Most developers agree that AWS Lambda functions are great. It’s cheap and easy to start with, it’s scalable, and most importantly — it just works.

But there are challenges as well. One of the common challenges is to keep track of all your functions, which often leads to “dead” functions.

Dead AWS Lambda functions are functions that have been cold for a long time (makes sense, doesn’t it?). Usually, those AWS Lambda functions are useless, and should probably be removed.

But it’s not just about keeping your resources nice and clean — there are real issues with dead functions:

  1. Management: code and error management are common issues in every complex serverless architecture — but when you add dozens of unused functions, things become much more complicated.
  2. Security: more functions means more opportunities for an attacker to try and take advantage of your code. A function that hasn’t been used for a long time is most likely outdated and may have wrong permissions or contain old external libraries.
  3. Performance analysis: when trying to obtain a deep understanding of the entire architecture, such as the end-to-end performance, or the costs of specific transactions, having unused resources makes everything a lot harder.

So we can agree that dead AWS Lambdas functions are bad. What can we do about it?

dead aws lambda functions

I See Dead Functions

Solution for dead AWS Lambda functions

To solve this problem, we at Epsagon have created an open-source project: list-lambdas. It’s a Python script that enumerates your AWS Lambda functions across all AWS regions and provides useful information, such as the function’s memory settings, its last invocation time and more. It can help in identifying dead Lambda functions easily.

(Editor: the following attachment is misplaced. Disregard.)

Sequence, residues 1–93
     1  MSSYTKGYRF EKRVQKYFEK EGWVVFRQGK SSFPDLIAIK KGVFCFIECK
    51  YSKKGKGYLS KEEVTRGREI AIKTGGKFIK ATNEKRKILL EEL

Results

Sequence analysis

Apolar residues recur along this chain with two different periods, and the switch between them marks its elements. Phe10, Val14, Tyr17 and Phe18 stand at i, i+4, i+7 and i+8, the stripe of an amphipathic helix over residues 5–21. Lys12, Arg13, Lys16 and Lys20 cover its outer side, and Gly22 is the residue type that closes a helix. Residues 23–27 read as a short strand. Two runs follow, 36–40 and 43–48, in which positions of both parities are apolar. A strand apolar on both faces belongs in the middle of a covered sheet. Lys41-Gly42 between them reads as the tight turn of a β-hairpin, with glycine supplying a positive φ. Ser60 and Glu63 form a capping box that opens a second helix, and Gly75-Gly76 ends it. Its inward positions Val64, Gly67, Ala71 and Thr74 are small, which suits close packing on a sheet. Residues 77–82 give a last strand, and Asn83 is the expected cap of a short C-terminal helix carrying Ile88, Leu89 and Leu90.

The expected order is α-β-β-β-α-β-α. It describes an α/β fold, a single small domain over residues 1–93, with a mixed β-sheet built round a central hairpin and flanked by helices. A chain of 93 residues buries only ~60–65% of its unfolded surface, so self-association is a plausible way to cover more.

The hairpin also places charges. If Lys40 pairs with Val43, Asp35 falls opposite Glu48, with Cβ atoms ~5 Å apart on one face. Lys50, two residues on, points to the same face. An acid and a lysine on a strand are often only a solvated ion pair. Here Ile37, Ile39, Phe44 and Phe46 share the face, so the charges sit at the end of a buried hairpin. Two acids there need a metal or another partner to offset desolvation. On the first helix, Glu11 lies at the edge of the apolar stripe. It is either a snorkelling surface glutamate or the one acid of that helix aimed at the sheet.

git clone
cd list-lambdas/
pip install -r requirements.txt

Example Outputs

CLI Output

CSV output

Example Usage

The usage is straightforward using the CLI.

Filter out only AWS Lambda functions that have not been active in the last 10 days:
python --inactive-days-filter 10

Output table (with extra data) to a CSV file:
python --csv lambdas.csv

Print extended information to the screen (same as in the CSV file):
python --all

Sort by a chosen column (e.g. by last invocation time):
python --sort-by last-invocation


Dead serverless functions are a real issue — but it can be handled rather easily. Best practices such as giving your functions meaningful names are relevant in serverless as well. Tools like list-lambdas and others can help keep your architecture clean and steady, which ultimately leads to better software.

More about AWS Lambda:

AWS Lambda Layers: Getting Started Guide

Troubleshooting AWS Lambda 101

Error Handling in AWS Lambda With Wrappers

How to Handle AWS Lambda Errors Like a Pro

Best Practices for AWS Lambda Timeouts